The Minneapolis Institute of Arts, The Minnesota Artists Exhibition Gallery
For those inclined to dicker about whether or not a gallery installation is sculpture, Bill Klaila’s Grotto: An Alternative Reality would be a source for energetic discussion. This digital, interactive installation impressively constructs the psychological reality of a cave—or at least our notion of a cave. It has the entrance and the sound of a cave, the darkness and the feeling of a passage to subterranean territory. But, other than the space itself, and the projected images of geological formations, there is no three-dimensional object identifiable as sculpture. That it is found in a traditional, comprehensive museum may amplify the is-it-sculpture-or-not debate.
Grotto is accessed by a curving, dark gray entranceway. The inner chamber, largely created by technology, is activated and altered as the viewer crosses the cave’s floor, a pressure-sensitive grid of projected images of rocks and sediment, enhanced by the sound of rippling water and the movement of dim flickering light. Projected images on the walls of stalactites and stalagmites flesh out the virtual reality experience. It is simple but seductive: one stands, moves, and reconsiders the impact of one’s own movement, often in concert with others. Our physicality is traced in the dark to the sound of water. Our entrance and our exit shadow us.
Grotto is the product of three computers, the aforementioned pressure-sensitive floor, and modified video game software that synchronizes layered scenes and projected graphic displays. In the floor, these displays include the rippling retreat of water across rocks. The viewer’s movement also prompts light to shimmer and reflect off the projected images of the stalactites and stalagmites. Overall, the atmosphere is dark but gilded in a glow of topaz light, and the soft sound of splashing water deepens the experience.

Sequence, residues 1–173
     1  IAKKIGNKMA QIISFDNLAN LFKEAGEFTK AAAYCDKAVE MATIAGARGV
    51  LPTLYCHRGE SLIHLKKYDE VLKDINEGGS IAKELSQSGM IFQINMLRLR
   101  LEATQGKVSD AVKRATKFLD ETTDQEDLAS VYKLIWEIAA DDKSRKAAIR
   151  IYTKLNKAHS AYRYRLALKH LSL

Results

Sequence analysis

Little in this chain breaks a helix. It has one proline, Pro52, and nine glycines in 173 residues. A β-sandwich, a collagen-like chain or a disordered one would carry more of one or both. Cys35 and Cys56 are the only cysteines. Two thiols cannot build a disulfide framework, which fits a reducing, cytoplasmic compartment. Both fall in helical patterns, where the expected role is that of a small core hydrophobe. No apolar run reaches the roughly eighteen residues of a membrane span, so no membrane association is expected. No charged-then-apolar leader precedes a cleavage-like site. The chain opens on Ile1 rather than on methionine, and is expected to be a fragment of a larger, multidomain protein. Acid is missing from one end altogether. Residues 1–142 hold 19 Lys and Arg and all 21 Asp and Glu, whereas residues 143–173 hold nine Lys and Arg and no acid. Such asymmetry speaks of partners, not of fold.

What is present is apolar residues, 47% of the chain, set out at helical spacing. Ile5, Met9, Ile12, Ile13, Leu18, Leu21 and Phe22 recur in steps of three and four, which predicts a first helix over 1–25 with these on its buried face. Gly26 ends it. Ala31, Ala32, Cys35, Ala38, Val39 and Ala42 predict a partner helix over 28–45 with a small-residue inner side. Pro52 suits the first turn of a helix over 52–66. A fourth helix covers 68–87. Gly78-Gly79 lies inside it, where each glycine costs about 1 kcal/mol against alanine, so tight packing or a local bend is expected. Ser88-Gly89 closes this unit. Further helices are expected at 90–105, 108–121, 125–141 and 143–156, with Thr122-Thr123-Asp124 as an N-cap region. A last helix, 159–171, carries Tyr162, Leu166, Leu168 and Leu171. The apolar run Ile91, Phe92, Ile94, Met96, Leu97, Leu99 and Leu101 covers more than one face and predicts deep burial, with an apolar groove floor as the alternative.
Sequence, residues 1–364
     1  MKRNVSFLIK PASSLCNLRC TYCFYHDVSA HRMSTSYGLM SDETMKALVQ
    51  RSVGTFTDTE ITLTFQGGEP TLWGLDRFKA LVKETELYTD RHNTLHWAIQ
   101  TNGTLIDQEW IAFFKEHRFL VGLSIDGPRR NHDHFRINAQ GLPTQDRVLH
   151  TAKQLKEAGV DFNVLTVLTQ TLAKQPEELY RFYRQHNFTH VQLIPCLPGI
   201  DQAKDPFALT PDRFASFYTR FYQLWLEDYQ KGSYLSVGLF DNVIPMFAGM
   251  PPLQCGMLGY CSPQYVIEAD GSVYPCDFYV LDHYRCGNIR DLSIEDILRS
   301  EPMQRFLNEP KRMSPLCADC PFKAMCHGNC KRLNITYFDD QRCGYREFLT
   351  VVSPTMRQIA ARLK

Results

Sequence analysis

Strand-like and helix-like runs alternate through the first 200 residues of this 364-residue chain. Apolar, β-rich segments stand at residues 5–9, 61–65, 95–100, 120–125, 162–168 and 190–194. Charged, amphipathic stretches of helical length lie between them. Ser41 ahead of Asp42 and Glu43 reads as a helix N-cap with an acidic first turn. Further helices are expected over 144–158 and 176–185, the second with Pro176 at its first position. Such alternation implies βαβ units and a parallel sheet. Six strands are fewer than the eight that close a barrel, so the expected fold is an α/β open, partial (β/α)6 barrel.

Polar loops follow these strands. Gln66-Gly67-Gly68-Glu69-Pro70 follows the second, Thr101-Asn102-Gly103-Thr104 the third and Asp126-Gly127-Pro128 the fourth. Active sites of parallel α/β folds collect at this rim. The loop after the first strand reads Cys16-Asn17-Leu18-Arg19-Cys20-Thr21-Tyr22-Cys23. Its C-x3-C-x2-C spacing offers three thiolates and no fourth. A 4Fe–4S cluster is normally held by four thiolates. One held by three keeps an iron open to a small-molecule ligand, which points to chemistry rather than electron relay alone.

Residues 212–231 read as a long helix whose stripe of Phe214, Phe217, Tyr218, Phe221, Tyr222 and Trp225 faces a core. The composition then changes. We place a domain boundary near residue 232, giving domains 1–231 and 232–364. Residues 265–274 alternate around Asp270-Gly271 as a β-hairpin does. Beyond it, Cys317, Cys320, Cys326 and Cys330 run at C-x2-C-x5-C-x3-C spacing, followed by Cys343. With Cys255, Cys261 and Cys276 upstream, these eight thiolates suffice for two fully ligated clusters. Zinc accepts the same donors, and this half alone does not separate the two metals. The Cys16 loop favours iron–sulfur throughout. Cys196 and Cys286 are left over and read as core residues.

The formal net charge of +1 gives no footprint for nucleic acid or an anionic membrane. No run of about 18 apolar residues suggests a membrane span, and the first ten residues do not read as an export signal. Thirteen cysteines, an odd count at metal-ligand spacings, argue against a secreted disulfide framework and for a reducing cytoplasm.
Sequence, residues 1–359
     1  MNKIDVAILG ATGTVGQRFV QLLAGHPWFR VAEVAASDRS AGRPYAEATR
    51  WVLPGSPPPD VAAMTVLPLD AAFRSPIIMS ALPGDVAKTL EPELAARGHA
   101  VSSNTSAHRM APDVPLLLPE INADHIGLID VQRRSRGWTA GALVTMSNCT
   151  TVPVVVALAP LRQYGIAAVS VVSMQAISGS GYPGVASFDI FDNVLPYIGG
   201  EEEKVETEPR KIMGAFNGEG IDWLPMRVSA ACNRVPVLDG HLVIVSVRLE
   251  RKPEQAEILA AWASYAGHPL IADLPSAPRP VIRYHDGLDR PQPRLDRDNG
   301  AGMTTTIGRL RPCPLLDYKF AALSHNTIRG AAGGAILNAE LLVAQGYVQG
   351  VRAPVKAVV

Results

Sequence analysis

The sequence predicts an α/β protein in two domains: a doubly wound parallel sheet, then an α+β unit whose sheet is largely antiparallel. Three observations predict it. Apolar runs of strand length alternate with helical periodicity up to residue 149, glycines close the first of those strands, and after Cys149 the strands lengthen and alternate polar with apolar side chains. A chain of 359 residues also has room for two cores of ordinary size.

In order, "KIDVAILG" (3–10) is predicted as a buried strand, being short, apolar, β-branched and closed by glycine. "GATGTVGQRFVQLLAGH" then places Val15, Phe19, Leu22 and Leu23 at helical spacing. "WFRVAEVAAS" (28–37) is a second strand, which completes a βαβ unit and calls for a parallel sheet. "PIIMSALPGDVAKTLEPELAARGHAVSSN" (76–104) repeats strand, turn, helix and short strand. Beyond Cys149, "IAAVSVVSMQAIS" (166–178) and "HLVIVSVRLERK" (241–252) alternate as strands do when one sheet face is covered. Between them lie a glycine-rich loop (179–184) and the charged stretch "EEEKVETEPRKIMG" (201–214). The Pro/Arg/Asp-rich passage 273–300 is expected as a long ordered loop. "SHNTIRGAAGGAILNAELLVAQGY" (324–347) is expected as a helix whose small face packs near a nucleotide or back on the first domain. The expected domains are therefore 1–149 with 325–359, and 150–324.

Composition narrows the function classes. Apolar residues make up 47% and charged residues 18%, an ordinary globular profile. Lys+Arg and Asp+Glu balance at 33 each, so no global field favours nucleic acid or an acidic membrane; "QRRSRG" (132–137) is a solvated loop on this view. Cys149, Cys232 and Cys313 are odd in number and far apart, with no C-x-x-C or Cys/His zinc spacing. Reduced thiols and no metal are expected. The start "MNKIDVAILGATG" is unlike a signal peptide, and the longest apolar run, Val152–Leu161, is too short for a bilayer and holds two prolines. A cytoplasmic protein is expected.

Klaila has constructed an intellectually simple, but provocative environment that prompts viewers, even those with technological genes, to assess how this virtual cave exists in a fine arts museum. And, Grotto does so with great confidence. Its electronic underpinnings, recognizable to those who have grown up with technology, also compel the viewer to think about the conceptual make-up of a cave. What does a cave look like, feel like, smell like, and sound like?
While Grotto may be a one-liner in one sense, it is also complex. It does not seriously tempt us to believe it is a cave. Rather, Grotto allows us to physically and intellectually explore the idea of a cave. Certainly viewers understand that they not in a dank underground space, yet Grotto is associative and suggestive, extending reality in a way that causes us to explore the psychological construction of “cave.” An unmistakable sense of subterranean space exists—passage, descent, darkness, and humidity—the essence of a cave. Plato and his cave filter into our consciousness. Unexpectedly, this electronically generated environment pushes us a step beyond ourselves, a pace beyond our routine patterns.
Grotto is an operatic experience in its synthesis of visual, audio, and physical provocation. However, its pursuit of an environmental experience also ties it to Minimalism. The coordinates of time, light, form, and space are all critical in Klaila’s work. Although the environment is decidedly non-Minimalist, Klaila’s underlying strategy to create a sensory experience is not so many steps removed from Dan Flavin’s fluorescent-lit environments or Walter de Maria’s Lightning Field. Ultimately, we are the protagonists in Grotto‘s sensory narrative.